Importing and Exporting - Duties, VAT, C79 and all you need to know
Importing and exporting. Duty and C79. It can all seem like a different language, but you need to be clear about these terms if your business is importing to or exporting from the UK.
Import and export come with corresponding VAT and duty rules. As business owners dealing with import and export, you must ensure that you pay the right amount of VAT, import duties, and other charges. It is crucial to adhere to these rules and procedures when dealing with international trade.
The government taxes international shipments from other countries to control the flow of certain products, raise revenue, and protect the local economy. As a trader, you are responsible for knowing the different customs taxes and charges, so your business can run smoothly.
What are the Types of Import Duties?
Businesses that import goods from other countries need to pay Customs Duty, excise duties, and VAT.
You pay VAT on goods sent from non-EU countries if they are gifts worth more than £39 or other goods exceeding £15. You also pay VAT for imported alcohol, tobacco products, and fragrances of any value.
The HMRC charges you the VAT rate applicable to your imported product. The rate is based on the total value of the product and includes the price of the goods, postage, packing, insurance, and duties owed.
You are charged customs duty on goods sent from other countries if the parcel's total value (price, postage, packaging, and insurance) exceeds a certain amount.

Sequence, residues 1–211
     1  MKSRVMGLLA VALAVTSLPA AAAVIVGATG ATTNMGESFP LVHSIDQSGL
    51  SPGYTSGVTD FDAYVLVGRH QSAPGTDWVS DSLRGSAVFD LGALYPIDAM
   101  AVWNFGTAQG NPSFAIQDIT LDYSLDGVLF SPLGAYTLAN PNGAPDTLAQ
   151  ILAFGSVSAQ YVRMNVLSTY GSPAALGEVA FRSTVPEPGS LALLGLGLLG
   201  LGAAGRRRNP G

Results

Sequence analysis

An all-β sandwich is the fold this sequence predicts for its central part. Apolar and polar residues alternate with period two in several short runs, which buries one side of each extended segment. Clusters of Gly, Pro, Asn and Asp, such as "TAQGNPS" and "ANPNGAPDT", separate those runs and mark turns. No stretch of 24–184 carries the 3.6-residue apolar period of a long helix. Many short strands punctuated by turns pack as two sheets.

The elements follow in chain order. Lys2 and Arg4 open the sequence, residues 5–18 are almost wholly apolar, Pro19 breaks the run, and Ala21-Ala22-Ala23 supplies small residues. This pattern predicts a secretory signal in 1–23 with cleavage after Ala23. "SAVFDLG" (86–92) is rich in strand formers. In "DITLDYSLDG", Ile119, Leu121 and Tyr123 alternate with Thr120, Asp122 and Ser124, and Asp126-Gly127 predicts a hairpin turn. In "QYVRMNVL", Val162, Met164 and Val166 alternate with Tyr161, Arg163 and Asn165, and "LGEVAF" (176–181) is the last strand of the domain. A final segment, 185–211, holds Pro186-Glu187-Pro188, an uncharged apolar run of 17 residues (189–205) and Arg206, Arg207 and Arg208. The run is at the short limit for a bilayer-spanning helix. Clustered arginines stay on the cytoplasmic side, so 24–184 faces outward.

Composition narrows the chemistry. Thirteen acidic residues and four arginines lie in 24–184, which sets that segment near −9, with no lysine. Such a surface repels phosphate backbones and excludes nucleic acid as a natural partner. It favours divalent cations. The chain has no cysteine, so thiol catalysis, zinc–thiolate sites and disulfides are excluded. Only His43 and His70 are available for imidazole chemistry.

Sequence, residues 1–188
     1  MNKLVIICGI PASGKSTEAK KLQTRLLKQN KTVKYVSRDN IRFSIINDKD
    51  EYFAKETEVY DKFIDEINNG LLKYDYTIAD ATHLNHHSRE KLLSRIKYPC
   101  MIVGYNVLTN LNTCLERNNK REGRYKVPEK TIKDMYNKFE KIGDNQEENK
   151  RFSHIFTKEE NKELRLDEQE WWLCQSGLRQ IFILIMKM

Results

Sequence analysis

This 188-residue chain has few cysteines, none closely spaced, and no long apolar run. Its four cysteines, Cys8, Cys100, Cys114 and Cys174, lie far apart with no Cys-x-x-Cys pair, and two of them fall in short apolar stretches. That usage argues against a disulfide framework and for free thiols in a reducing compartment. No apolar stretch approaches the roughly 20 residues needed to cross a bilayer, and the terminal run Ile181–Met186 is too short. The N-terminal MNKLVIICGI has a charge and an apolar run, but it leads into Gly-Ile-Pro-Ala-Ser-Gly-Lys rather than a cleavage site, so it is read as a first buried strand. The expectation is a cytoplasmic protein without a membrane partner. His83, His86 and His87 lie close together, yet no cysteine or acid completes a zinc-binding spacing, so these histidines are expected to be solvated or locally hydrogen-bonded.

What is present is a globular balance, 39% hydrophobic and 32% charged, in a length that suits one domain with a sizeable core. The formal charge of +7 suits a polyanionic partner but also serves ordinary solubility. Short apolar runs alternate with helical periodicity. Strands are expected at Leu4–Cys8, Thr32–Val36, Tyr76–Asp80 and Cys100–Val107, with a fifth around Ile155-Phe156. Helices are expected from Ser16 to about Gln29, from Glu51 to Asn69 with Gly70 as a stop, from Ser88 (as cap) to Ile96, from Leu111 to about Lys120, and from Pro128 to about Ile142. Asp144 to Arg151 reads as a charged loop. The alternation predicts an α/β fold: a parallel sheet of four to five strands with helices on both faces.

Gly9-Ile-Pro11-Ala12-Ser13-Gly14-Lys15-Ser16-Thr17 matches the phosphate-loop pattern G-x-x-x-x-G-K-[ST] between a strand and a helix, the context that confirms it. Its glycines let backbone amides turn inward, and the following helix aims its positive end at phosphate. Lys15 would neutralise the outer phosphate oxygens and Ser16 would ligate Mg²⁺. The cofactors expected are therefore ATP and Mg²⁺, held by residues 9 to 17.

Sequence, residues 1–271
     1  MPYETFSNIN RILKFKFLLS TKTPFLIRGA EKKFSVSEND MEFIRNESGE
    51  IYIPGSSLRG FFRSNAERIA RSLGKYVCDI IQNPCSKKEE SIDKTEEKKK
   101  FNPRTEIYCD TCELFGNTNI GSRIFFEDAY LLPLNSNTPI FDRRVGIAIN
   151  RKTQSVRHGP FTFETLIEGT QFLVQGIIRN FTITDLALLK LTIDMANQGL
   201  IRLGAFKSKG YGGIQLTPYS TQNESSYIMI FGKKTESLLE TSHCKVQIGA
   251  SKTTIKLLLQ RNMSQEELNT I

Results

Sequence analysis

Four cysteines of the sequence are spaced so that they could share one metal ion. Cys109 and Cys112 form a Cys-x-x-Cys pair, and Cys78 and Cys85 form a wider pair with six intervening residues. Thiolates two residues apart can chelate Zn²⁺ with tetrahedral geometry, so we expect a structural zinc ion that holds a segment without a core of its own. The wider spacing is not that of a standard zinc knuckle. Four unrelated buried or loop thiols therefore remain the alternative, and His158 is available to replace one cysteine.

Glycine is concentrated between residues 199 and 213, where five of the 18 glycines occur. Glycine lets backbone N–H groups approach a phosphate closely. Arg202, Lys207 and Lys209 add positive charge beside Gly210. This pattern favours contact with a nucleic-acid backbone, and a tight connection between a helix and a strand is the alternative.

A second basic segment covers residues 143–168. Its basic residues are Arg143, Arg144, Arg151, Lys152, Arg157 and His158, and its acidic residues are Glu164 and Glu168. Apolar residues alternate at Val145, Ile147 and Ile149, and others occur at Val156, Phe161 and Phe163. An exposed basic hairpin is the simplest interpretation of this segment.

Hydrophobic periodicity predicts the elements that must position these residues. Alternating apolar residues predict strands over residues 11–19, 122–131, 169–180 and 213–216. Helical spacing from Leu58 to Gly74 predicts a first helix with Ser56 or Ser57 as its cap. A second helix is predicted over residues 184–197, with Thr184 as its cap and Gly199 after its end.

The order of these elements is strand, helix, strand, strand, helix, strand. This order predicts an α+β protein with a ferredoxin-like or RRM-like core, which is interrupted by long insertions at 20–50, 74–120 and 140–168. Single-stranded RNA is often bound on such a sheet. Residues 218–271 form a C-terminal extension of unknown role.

Under £135: no charge
Gifts worth £135-£630: 2.5% or lower
Gifts above £630 & other goods above £135: rate depends on the type of goods and the place they came from
Excise duty applies to imported alcohol or tobacco products, regardless of whether it is a gift or not.
If you receive large quantities of alcohol and tobacco products for your business, use the Trade Tariff to check your duty rates.
Failure to pay the excise duty may cause your goods to be seized. Moreover, customs will hold your goods if they don't pass inspection, such as alcohol products over 350ml without a UK duty stamp or cigarettes/hand-rolling tobacco without UK health warnings or fiscal marks.
How Do I Pay Import Duties?
Paying at a Later Date
A duty deferment account allows importers or representatives to make a one-time monthly payment on customs or tax charges through Direct Debit instead of paying multiple individual consignments. You should apply for a duty deferment account if you import goods regularly. You can delay paying the charges for an average of 30 days, and HMRC can clear your goods more quickly.
Anyone can apply for a duty deferment account. If you are a trader established in the UK, you can also apply for a guarantee waiver approval.
Checklist to apply for a duty deferment account:
EORI (Economic Operators Registration and Identification) number
name associated with your EORI number
registered company number, if applicable. If in the UK, this will be from Companies House.